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Each of them applied his hand to the regulator of the revolution. The two first endeavoured to direct its energy; Fouché tried to moderate its movement: they in following their plans employed too much confidence, or too much determination; he, examining always what was true, undertook only what was possible.


Sieyes endeavoured to consolidate by organic forms the principle of the revolution -the sovereignty of the people having failed of success, he retired, and was silent.

Carnot endeavoured to confirm the republic by victory. To speak the truth, he attached victory to the arms of France; but the republic perished. Inflexible as he was, he

*We distinguish the principle of the revolution, and the maxim according to which some revolutionists have acted, exemplified by this saying of Sieyes: "It is necessary that property should change hands." ("Ut redeat miseris, abeat fortuna superbis."-HOR.).

went into retirement, where he had the mortification to see the standard of France abandoned by victory.

Fouché has at all times desired only to rule the passions of anarchy in order to save the state. Always submitting to the law of social order, he observed all with care, and he more than any other accurately knew the hidden design of each party: but the depositaries of power feared him, as in the midst of all no one kept himself more firm and more free than himself. He found means to banish for some time the demon of anarchy; at a dreadful moment it was he who saved Paris and who withheld the arm of despair, that generosity and justice might again raise up dejected France: but after he had devoted twenty-three years of his life to his country, reaction prevailed; the crime in which the whole nation had participated of having lived in the revolution and having served the republic, drove him into


exile. He retired from France. All the passions old and new remained there.

It is the passions which have condemned the Duke of Otranto: such is the fate of every man who dares to pass through them with a free and confident step.

Henceforth he may be considered as belonging to history. It is that which will weigh his merit and his failings, his strength and his weakage ness; the influence of the spirit of his and his own will. In spite of the clamour of his enemies, his age has already acknowledged his merit; his King has thrown a veil over his fault. Now, it is only God who may judge him; his cotemporaries cannot and ought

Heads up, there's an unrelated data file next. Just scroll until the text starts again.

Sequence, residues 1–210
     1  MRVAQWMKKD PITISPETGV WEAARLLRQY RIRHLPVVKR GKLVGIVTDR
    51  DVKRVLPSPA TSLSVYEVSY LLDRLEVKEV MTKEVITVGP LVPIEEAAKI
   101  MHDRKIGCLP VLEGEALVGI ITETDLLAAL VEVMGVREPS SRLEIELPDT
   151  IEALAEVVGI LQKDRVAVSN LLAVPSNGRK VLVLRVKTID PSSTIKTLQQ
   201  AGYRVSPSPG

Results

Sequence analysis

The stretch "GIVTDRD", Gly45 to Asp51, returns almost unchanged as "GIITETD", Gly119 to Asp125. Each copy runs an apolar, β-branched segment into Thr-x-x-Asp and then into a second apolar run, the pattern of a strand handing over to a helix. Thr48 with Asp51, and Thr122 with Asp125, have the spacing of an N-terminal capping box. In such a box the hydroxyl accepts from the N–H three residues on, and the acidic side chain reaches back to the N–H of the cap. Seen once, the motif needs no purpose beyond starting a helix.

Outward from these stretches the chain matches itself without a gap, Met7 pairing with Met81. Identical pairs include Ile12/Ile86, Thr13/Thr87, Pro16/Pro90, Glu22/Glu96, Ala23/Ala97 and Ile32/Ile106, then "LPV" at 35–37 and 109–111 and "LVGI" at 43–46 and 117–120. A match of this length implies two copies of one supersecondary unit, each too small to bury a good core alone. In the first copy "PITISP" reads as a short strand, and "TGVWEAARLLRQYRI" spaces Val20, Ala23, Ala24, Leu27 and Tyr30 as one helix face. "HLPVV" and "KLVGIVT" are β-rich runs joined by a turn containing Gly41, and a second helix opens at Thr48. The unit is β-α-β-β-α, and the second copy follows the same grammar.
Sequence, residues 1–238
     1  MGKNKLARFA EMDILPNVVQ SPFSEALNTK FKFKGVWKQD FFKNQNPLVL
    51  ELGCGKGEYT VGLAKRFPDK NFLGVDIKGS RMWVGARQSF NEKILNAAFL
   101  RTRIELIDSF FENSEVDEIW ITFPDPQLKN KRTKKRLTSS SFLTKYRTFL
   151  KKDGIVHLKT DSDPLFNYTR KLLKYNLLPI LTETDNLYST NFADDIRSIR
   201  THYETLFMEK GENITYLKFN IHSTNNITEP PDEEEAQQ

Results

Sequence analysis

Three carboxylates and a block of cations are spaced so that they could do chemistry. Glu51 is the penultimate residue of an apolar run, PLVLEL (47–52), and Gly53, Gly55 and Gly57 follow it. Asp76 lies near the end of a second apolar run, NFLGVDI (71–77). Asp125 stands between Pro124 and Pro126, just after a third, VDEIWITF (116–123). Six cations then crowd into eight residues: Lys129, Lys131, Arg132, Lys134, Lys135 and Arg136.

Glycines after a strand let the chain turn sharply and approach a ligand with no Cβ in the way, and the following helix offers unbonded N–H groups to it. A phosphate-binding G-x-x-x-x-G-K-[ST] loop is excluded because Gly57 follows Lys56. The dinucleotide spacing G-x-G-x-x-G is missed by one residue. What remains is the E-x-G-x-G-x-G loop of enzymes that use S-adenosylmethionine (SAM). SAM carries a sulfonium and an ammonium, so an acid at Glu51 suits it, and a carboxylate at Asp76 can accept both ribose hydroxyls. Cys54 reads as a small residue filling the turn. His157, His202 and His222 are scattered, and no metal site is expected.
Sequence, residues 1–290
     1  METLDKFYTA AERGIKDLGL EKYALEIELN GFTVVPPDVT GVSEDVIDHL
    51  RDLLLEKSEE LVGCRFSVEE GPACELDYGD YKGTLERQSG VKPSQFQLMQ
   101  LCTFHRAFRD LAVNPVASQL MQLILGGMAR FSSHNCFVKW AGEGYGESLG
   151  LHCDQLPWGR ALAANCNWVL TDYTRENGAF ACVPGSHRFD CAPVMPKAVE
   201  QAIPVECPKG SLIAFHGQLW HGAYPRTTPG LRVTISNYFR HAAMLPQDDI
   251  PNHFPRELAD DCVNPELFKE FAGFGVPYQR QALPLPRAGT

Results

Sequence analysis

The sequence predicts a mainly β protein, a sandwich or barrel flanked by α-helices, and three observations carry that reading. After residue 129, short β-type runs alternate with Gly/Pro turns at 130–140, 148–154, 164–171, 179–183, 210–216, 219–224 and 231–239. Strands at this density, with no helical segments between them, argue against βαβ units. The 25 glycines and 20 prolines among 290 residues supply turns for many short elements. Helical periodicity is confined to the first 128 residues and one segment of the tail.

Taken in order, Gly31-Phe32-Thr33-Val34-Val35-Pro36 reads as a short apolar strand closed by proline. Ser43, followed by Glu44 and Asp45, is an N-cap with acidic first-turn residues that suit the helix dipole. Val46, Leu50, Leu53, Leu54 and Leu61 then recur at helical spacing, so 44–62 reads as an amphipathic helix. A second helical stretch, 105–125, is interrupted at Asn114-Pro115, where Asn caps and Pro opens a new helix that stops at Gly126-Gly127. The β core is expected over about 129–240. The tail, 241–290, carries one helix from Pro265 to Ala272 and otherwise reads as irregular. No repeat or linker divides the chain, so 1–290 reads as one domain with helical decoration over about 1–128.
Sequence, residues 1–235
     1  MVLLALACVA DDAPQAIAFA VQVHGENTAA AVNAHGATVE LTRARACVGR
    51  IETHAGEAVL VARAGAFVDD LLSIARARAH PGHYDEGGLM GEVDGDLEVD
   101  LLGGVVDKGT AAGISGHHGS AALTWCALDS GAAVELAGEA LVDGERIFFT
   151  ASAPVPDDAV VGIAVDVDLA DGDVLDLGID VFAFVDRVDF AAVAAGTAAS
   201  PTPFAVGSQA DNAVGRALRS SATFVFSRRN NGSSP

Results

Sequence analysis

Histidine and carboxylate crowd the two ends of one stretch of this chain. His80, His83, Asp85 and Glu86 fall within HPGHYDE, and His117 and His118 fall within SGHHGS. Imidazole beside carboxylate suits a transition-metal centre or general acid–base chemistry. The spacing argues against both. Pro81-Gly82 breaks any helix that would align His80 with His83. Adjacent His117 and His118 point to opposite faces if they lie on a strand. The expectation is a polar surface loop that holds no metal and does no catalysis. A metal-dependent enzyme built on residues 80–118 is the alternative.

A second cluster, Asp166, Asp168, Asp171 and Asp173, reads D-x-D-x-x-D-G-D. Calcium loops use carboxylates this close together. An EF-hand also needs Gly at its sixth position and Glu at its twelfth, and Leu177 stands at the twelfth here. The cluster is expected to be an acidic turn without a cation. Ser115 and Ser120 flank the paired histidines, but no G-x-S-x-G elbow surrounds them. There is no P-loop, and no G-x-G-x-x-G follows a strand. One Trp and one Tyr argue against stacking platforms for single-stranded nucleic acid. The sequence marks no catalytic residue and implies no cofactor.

At this moment there has arisen in France a party, which condemns whoever has lived in the revolution, and has belonged to it, by being engaged in it and obliged to be so. The limited view of some men does not per

mit them to see the history, nor the impetuous movement of the genius of Europe and of France in the course of the three last centuries. In their eyes it is the state of France before the year 1789, which is alone true and legitimate: whatever has since occurred, they call crimes, and whoever has participated in it, they call criminal. The emigrants left their country because they would not renounce the state of 1789, though the government, by convoking the StatesGeneral, had first set them the example. The French who remained, that is to say the nation, saw in all that passed, only the development of the destinies of their country. It hoped for a more happy futurity; and every one in France thought it his duty to contribute to it as far as he was able. He brought much evil on himself: there arose still more misfortunes. But could he who found himself in the midst of all this, ought he to withdraw himself from serving the pub

lic cause? When the form of the govern


ment was changed, ought he to excite civil war, or call in the aid of strangers, instead of obeying the law and concurring in the re-establishment of social order? woe to him who raises up the people, to him who lights up the flame of revolution; but as soon as this exists, woe to him who thinks to subdue anarchy by anarchy, to stifle revolu tion by revolution! Whoever loves his country will range himself on the side of the law, which alone in the midst of the storm is willing and able to cause the voice of justice and reason to be heard.

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. Many have deceived themselves. Few have been culpable. The subversion or the reestablishment of a monarchy that has endured more than ten centuries is not the work of some men, nor of some years. It is not the forms of the relations, amidst which the law exists, that constitute the law; it is the law which renders the forms legitimate. Every man who

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